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WASHINGTON (AP) — Income inequality is more than a political sound bite to workers in the Capitol. It's their life.
Many of the Capitol's food servers, who make the meals, bus the tables and run the cash registers in the restaurants and carryouts that serve lawmakers, earn less than $11 an hour. Some make nothing at all when Congress is in recess.
Members of the House and Senate collect their $174,000 annual salaries whether Congress is making laws, taking a break or causing a partial government shutdown.
"This is the most important building in the world," said Sontia Bailey, who works the cash register and stocks the shelves at the "Refectory" takeout on the Capitol's Senate side. "You'd think our wages would be better."
Bailey, 34, makes $10.33 an hour, a hair above the $10.10 hourly minimum for federal contractors. She had to move from her apartment to a rented room when the 2013 temporary government shutdown interrupted her income, she said.
KFC pays her better. Bailey works weekends and two evenings a week there, making $12 an hour.
In the Capitol food service world, she said, "everybody has second jobs."
Down an ornate hallway is 21-year-old Abraham Tesfahun. He serves lunch in the Senate members' dining room and handles the afternoon cash register in the busy Senate takeout, one floor below. Tesfahun said his hourly pay is $10.30. But he receives an additional $3 an hour in cash, which otherwise would go toward health insurance. He is covered by his mother's insurance policy under President Barack Obama's health care law.
That doesn't mean Tesfahun, who emigrated from Ethiopia as a teenager, is tight with his mom.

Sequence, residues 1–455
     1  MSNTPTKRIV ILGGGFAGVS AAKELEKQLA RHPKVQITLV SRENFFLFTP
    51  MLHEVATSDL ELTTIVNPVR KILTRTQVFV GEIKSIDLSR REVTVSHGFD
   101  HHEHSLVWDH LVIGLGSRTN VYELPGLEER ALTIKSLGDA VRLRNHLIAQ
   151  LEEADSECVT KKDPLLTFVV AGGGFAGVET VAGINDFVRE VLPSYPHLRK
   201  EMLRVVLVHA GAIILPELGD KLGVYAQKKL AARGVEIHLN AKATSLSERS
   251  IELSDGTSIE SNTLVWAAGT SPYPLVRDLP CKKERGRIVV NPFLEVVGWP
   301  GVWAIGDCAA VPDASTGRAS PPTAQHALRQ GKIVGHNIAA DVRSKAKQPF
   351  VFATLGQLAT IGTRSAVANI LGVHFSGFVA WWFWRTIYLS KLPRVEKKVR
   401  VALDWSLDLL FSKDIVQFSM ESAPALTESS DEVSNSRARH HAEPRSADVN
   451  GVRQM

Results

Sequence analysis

"She kind of kicked me out of the house," he said sheepishly, when he quit community college after one year to work seven days a week. Now, he said, he rents a basement room and works full time in the Capitol. On Saturdays and Sundays, he works at a Dunkin' Donuts, for $8 an hour. That's above the federal minimum wage of $7.25, although some states have higher minimums.
"People are much nicer" in the Capitol, Tesfahun said. But he said he generally has no work or pay when Congress is out of session, and he sometimes collects unemployment benefits. The Senate is scheduled to be in recess 13 weeks this year.
Both Bailey and Tesfahun said they once received a pay raise of 3 cents an hour.
In Congress and the 2016 presidential race, candidates in both parties promise to help U.S. workers narrow the gap with high earners. The Capitol's food workers — many of whom can't afford cars, let alone vacations — are prime examples of people without college degrees who have fallen far behind in the high-tech global economy.
Capitol food workers with at least seven years' experience fare better than Bailey and Tesfahun, making about $16 or $17 an hour. But even one of those, cook Shawnee Ellis, said she does catering on the side because "I have to make extra money" to pay her bills.
All work for Restaurant Associates, a major New York-based contractor that handles food services for the House and Senate.